“After the ceasefire, people from all over Sri Lanka are coming to Colombo to visit as those from the north or east could not come to the capital for 20 years. So it is quite crowded in Colombo these days,” said Ibrahim, who speaks Malay at home.
He said the Malay community here numbered about 8,000 and although they were born here, their great-great-grandfathers came from Malaya more than 200 years ago.
“All the Malays here speak four languages – Singhalese, Tamil, English and Malay, our mother tongue. Although I have not been to Malaysia, maybe after I retire, I will visit ‘my country,’” said the 59-year-old.
The Malays are a minority in Sri Lanka and coupled with other Muslim descendants of Arab or Indian origin, they make up about 7% of Sri Lanka’s 20 million population. Singhalese constitute 74% and Tamils another 18%.
Ibrahim said the Malays had no problems with other communities and shared a particularly close affinity to the Burghers, who were also another minority.
“They go to the church, we go to the mosque. They say ‘amen’ after prayers and we say ‘amin’ (so be it),” he said. He then pointed out a Sri Lanka Malay-owned Malaysian restaurant at Crescat food court which sold nasi goreng and rendang.
While people are hopeful that the peace talks would work out, it is clear that because of many failed negotiations in the past, many still have doubts.
In Biruwera, which is 58km south of Colombo where things seem peaceful, Boddhika Kulasingha and his friend Ravi De Silva – both Singhalese – speak openly about their doubts of the LTTE’s sincerity in the peace process.
Touching on recent news reports that LTTE had violated the ceasefire by killing 40 government intelligence officers, Boddhika said it seemed that the Tigers were always trying to restart the war.
“It is all a show. The LTTE says they want peace but we can’t see this in their activities.
“They are still trying to get arms into the country. If they want peace, they would not want weapons,” said Boddhika, who has close Tamil family friends.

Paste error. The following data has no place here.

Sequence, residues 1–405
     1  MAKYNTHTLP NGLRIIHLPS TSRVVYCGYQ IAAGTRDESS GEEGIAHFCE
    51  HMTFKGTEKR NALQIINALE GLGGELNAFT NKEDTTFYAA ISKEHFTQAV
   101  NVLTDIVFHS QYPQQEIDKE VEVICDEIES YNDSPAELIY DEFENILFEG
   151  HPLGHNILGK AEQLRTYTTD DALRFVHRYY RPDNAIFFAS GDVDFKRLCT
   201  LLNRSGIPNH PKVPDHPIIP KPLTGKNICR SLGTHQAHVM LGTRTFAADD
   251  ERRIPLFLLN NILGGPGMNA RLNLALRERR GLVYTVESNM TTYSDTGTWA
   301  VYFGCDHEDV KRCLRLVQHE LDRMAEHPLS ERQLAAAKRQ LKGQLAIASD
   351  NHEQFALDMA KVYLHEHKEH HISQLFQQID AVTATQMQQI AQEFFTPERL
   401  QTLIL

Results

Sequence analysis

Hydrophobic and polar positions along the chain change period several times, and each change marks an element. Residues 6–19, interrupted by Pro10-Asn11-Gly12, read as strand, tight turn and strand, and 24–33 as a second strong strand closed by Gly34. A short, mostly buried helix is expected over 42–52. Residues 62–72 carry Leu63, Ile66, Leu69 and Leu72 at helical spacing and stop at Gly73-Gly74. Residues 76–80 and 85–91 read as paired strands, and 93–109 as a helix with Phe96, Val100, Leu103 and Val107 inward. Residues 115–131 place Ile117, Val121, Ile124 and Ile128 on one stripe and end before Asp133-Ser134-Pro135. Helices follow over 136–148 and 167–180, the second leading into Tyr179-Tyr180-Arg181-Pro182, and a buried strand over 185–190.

His belief is that not all Tamils support the LTTE. And some Tamils also became victims of the LTTE. “I know of some Tamils who were killed by the LTTE for not supporting them,” he said.
Ravi too has his suspicions about LTTE’s motives. “It is only because of international pressure that the Tigers are sitting down to negotiate peace with the Sri Lankan government. Otherwise they will do as they like,” he said.
Ravi, who learnt Tamil in school, said he too believed not all Tamils backed the LTTE’s cause and fight for a separate state. In Sri Lanka, he said there were two categories of Tamils.
The first were from Sri Lanka itself and mostly from Jaffna up north and they were middle class, educated and proud people, he said while the second category were mostly Tamils who came to Sri Lanka from South India as migrant workers and this group were not educated and lived as squatters.
“The disparity between the two groups of Tamils is very stark. It is part of this first group of Sri Lankan Tamils who are trying to attack the government and support LTTE. “As for the second group, they are peaceful and do not want to have anything to do with the conflict.
“They do not even want to know about it. They just want to work and get their pay,” he said, adding that generally the Singhalese got along better with the working class Indian Tamils than the middle class Jaffna Tamils.